Database to InDesign

Update 9/14/2011: This will be the first installment in a series of articles covering my ongoing research on database-to-InDesign solutions. David Blatner ( has pointed out that I left out one notable plugin, DataLinker from Teacup Software, so in the near future I’ll study and test the plugin and then write a second review including all four plugins.

In addition, Chris Ryland of Em Software has commented that they are working hard on updated documentation and new tutorials, and that InCatalog working in tandem with InData (which I did not include in my original review) can provide a powerful solution. Once the new documentation is online I look forward to repeating the review a third time.

My thanks to David and Chris for their input.


Over the years I’ve found that companies often have diverse (and sometimes quite unusual) workflows for getting information from databases into InDesign. Many of these processes are so inefficient that they cost thousands of dollars per year more, in the long run, than either hiring a developer to create a custom XML export script or purchasing a database-to-InDesign plugin. This basic introduction to InDesign/database integration begins with a summary of available data sources and InDesign’s built-in tools for working with them. I’ll then discuss the essential components of a database-to-InDesign automated workflow and review several third party plugins.

Types of Data Sources

CSV. Comma Separated Values. Strictly speaking, this is a text file representing data where each value is separated by a comma and each row ends with a hard return. Since tabs are also commonly used as delimiters between columns, CSV is often the general designation for any text file containing a data set, even though this is technically inaccurate. CSVs can be exported from most databases and spreadsheet applications.

Spreadsheet. Created by applications such as MS Excel primarily for calculations and managing flat (2 dimensional) data sets, as well as generating charts and graphs.

XML. eXtensible Markup Language. A tag-based system for encoding documents. HTML is a subset of XML. Most databases can export XML.

Database. An often complex organization of data usually maintained by a database management system (DBMS) such as Oracle, Access, Filemaker, or MySQL. (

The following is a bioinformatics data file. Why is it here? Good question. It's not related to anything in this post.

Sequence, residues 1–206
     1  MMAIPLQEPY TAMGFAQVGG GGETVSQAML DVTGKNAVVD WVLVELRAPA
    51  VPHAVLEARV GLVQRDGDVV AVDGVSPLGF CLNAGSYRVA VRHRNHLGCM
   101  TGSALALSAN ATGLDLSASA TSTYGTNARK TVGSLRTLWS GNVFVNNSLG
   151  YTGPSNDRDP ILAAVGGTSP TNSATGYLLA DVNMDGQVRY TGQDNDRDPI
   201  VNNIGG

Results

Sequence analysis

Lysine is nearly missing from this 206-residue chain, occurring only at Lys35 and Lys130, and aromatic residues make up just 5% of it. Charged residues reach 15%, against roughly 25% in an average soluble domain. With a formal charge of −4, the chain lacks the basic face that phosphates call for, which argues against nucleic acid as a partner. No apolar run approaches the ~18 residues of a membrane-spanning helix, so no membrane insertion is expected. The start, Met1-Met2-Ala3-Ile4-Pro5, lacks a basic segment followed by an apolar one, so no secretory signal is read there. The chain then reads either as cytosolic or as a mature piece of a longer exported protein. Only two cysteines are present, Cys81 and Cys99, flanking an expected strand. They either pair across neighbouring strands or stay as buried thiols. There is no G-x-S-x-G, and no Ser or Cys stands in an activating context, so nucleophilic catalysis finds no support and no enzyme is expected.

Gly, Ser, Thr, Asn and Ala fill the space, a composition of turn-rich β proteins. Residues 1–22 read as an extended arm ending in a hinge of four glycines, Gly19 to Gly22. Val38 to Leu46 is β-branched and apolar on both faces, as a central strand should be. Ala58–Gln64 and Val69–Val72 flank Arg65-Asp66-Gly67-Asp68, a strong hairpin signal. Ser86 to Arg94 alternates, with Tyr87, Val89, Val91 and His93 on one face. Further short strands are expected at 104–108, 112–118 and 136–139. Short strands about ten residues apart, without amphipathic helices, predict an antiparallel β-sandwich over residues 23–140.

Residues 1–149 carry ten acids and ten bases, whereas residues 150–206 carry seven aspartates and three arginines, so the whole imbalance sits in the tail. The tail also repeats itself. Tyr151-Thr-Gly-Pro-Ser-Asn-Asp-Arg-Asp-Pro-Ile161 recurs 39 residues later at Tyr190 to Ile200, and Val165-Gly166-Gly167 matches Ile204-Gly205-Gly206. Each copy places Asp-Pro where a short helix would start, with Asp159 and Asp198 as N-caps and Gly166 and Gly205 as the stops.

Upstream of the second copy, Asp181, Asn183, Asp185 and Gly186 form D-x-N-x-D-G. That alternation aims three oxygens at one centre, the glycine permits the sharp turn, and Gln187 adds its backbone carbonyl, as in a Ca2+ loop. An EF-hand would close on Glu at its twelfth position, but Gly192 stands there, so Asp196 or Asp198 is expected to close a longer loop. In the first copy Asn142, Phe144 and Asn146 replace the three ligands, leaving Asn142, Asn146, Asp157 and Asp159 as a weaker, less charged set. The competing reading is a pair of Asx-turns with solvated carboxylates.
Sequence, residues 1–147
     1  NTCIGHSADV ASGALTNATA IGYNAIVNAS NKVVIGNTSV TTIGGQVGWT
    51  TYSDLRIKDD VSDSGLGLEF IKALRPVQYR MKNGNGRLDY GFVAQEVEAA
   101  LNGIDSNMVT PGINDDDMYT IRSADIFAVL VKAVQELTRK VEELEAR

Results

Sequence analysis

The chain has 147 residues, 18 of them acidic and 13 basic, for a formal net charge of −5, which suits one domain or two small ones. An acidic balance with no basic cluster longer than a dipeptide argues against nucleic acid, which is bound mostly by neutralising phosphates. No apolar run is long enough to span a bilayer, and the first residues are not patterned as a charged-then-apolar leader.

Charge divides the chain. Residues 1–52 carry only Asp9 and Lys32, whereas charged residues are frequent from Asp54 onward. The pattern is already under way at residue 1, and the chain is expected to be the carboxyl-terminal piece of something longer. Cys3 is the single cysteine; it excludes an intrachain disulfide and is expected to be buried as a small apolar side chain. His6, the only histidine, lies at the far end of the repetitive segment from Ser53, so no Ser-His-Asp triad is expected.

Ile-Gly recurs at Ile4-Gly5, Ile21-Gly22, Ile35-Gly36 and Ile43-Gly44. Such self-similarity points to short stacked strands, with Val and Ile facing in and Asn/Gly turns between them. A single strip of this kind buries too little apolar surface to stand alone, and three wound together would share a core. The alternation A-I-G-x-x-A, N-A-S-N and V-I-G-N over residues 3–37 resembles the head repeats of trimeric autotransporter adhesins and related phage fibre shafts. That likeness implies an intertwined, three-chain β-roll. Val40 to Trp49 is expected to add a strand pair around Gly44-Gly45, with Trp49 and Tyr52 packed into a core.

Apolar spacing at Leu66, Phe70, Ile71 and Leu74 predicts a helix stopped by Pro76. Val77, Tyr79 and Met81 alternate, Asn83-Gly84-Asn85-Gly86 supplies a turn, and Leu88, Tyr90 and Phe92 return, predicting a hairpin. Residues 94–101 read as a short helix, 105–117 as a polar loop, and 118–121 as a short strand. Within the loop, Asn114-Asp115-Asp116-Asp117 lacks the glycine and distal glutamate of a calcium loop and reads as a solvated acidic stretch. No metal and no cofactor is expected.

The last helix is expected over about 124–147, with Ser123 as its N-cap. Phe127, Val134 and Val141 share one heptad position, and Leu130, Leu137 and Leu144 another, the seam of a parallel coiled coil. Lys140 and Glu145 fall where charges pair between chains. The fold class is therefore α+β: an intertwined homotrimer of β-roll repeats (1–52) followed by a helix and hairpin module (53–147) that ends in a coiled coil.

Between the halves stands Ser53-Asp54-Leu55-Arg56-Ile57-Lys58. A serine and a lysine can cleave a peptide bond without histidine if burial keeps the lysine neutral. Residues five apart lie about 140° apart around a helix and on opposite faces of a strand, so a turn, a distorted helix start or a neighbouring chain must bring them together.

Related Built-in InDesign Tools

Convert Text to Table. When placing a CSV you may want to convert the tab or comma separated text to a table. This is easily done by highlighting all the text then going to the table menu and selecting “convert text to table.”

Data Merge. A utility included with InDesign that merges the content of a CSV with a template of your design. Great for static layouts such as forms, certificates, business cards, name tags, mailers, etc.

Please note that Data Merge does not create links to the original data source; it only imports the data.

XML Import. InDesign is capable of mapping XML tags to paragraph and character styles, so that text can be imported into your document fully formatted. Taking full advantage of this option often requires database export scripting knowledge in order to get just the right “flavor” of XML exported from the database so that InDesign will work well with it.

Data Source How it can be used in InDesign
CSV Data Merge
Place as text and convert to table.
Use with 3rd party plugins*
Spreadsheet Place Excel sheet as a table to be able to edit in InDesign.
export Excel charts & graphs as PDF and place to preserve formatting.
Save the spreadsheet as a CSV
XML XML Import
Use with 3rd party plugins*
Database Use with 3rd party plugins*
*see plugin discussion on following pages for more information

Connecting Directly to a Database

If you work with a database and InDesign, why not allow them to interface directly? Chances are you’ve been spending countless hours getting data back and forth “the hard way.” While solutions to transfer data directly may be expensive “up front,” they save money in the long run. Let’s first break this down into the components you will need.

The first component to consider is the database itself. It can be in any location visible to the computer on which InDesign is installed; in other words, it can be on the same computer, on the local network, or on the Internet. You will need the necessary login and server information from your network administrator.

The database must support Open Database Connectivity (ODBC). Most modern DBMSs do, but you need to verify before proceeding.

Now we turn to the computer on which InDesign is installed. The second component is the ODBC Driver, which allows the computer to communicate with the database. This is built into the Windows operating system; unfortunately, Mac users must purchase them. One popular driver provider is;  their drivers cost $35 for a single user.

Once installed, you can use the driver to set up a connection on the computer to the database using the instructions that come with it.